Within the 5,000-plus community of UIS scholars are two young leaders, Yamundow Camara and Metta Kongira, who overcame tremendous odds to be selected by President Obama’s Young African Leaders Initiative (YALI).
Through YALI, these students learn skills and form connections enabling them to help their homeland develop its information technology and public health sectors and grow on a sustainable path to prosperity.
“President Obama first launched YALI in 2010 to support young African leaders as they spur growth and prosperity, strengthen democratic governance, and enhance peace and security across Africa,” states the initiative’s website, yali.state.gov.
Further, as part of YALI, President Obama created the Mandela Washington Fellowship for Young African Leaders, which “[connects] young African leaders to leadership training opportunities at some of America’s top universities to expand their leadership skills and knowledge,” according to whitehouse.gov.
Camara and Kongira are Mandela Washington Fellows, two of Africa’s emerging young leaders, and graduate students at UIS, studying management information systems and public health, respectively.
Camara’s and Kongira’s road to becoming Mandela Washington Fellows and UIS scholars was difficult, to say the least. Born and raised in the Islamic Republic of The Gambia, the smallest country on mainland Africa, Camara and Kongira overcame numerous economic and cultural constraints that impede many women in The Gambia from pursuing a higher education or assuming leadership roles. After all, less than 50 percent of women age 15 and older are literate in The Gambia, according to the Unesco Institute for Statistics.
“When you say ‘education’ in my country, especially in certain communities, education is for boys. Woman are just raised to get married. You stay home, as a girl, and wash bowls, and clean and cook, and do all the basic things, and the boys go to school,” said Camara.
Kongira corroborated the sentiment. “Traditionally, in The Gambia, the culture is women are not really empowered…Things are changing now. More people are sending their girl child to school. And this is achieved through a longtime advocacy. There are many women leaders who contributed to this, so they change the policies and encourage women to be equally educated like their male counterparts,” said Kongira.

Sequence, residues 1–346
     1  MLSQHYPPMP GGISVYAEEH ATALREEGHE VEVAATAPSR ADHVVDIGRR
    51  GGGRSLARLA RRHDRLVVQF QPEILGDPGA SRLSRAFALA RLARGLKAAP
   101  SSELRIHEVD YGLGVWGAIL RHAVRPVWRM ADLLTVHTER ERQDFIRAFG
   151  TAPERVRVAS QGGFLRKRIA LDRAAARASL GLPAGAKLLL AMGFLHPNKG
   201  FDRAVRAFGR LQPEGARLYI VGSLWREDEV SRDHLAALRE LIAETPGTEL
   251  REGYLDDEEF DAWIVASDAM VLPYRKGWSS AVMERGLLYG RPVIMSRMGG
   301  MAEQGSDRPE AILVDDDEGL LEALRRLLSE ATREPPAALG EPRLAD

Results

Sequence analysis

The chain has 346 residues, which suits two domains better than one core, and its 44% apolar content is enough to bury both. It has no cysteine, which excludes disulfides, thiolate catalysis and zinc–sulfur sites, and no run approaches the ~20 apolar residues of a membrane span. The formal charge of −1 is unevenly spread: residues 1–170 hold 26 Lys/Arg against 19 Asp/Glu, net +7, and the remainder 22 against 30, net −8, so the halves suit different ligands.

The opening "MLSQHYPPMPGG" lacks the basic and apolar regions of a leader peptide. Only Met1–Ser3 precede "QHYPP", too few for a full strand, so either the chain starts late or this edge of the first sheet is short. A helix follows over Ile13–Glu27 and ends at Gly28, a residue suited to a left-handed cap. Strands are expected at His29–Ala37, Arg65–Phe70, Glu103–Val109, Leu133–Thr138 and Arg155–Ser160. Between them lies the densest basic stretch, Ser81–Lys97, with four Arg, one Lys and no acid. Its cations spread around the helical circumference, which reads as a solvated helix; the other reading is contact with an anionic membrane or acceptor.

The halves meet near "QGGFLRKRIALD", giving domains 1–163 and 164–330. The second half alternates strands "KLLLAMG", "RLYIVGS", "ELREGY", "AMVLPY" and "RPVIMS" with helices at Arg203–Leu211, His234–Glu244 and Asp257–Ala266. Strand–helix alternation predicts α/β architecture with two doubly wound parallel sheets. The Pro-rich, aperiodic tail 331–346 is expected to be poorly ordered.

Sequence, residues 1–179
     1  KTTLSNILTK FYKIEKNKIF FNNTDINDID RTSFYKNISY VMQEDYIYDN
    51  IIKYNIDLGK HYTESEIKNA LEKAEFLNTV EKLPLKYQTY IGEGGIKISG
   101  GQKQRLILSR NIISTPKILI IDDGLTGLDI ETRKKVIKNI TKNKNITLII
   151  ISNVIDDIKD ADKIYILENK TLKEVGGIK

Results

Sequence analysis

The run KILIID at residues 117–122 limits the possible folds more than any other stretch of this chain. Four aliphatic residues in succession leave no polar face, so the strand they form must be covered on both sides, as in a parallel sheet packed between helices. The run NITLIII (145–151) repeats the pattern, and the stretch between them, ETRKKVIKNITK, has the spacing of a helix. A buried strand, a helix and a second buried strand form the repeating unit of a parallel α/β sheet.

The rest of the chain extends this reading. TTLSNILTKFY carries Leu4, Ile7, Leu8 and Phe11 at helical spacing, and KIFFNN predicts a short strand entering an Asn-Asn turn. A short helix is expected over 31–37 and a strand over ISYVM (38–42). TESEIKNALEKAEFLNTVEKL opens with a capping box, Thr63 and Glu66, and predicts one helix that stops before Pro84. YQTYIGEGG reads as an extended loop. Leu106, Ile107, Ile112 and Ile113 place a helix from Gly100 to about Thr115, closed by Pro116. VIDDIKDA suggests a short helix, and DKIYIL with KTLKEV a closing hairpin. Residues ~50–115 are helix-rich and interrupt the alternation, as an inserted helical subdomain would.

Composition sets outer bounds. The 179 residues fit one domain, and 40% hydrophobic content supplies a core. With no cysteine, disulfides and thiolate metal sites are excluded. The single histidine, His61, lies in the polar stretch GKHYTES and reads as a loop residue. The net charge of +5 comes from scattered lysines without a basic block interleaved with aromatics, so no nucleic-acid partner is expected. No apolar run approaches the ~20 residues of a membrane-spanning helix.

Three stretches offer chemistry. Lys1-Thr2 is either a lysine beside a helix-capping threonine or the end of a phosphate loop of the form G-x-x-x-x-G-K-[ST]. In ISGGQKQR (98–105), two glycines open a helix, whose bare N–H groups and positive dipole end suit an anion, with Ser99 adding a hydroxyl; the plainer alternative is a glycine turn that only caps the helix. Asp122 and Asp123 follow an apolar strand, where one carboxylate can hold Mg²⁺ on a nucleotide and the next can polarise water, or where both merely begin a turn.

Despite the odds, both Camara and Kongira advanced through higher education, with Camara earning a bachelor’s degree in computer science in 2012, and Kongira earning a bachelor’s in biology in 2013.
After graduation, Camara landed a job as a software engineer and emerged as a leader in her community, where she coordinates two non-profit organizations that focus on education, technology, and agriculture.
Kongira worked briefly at a laboratory as a public health officer before coming to the United States in 2014 as one of the original YALI Fellows. Returning home, Kongira left the confines of the lab to work as the project manager at a public health non-profit.
In their capacity as community leaders, Camara and Kongira regularly made appearances on television and gave motivational speeches in schools.
The application process for the YALI is extremely competitive, as approximately 50,000 people between the ages of 25 and 35 apply. After a series of interviews, applicants are formally selected in March of each year. In mid-June, applicants arrive at host universities, where they are put through six weeks of leadership training in one of three tracks, according to whitehouse.gov.
Kongira received six weeks of leadership training in civic leadership at the University of California, Berkeley, in June of 2014; Camara received her leadership training in business and entrepreneurship at Northwestern University beginning in June of 2016.
Kongira visited the headquarters of Google and Oracle in California, and eventually traveled to Columbus, Ohio for an eight-week internship at the Franklin County Public Health Department.
While at Northwestern, Camara met with dignitaries, such as the mayor of Chicago, Rahm Emanuel, and Rep. Jan Schakowsky. Camara also visited technology centers, like Google and 1871.
On Aug. 3, 2016, just before the beginning of classes at UIS, Camara visited Washington D.C., where she attended a three-day Presidential Summit, including a town hall meeting with President Obama.
Camara and Kongira intend to use their learning experience at UIS to help their compatriots now and in the future. Upon completing their education at UIS, both of these young leaders will return to The Gambia to take on leadership roles and further the country’s development.
Remember the names Yamundow Camara and Metta Kongira, as these young African leaders are sure to make a big impact on Africa’s future.
Written By Sean Blackwell, Staff Writer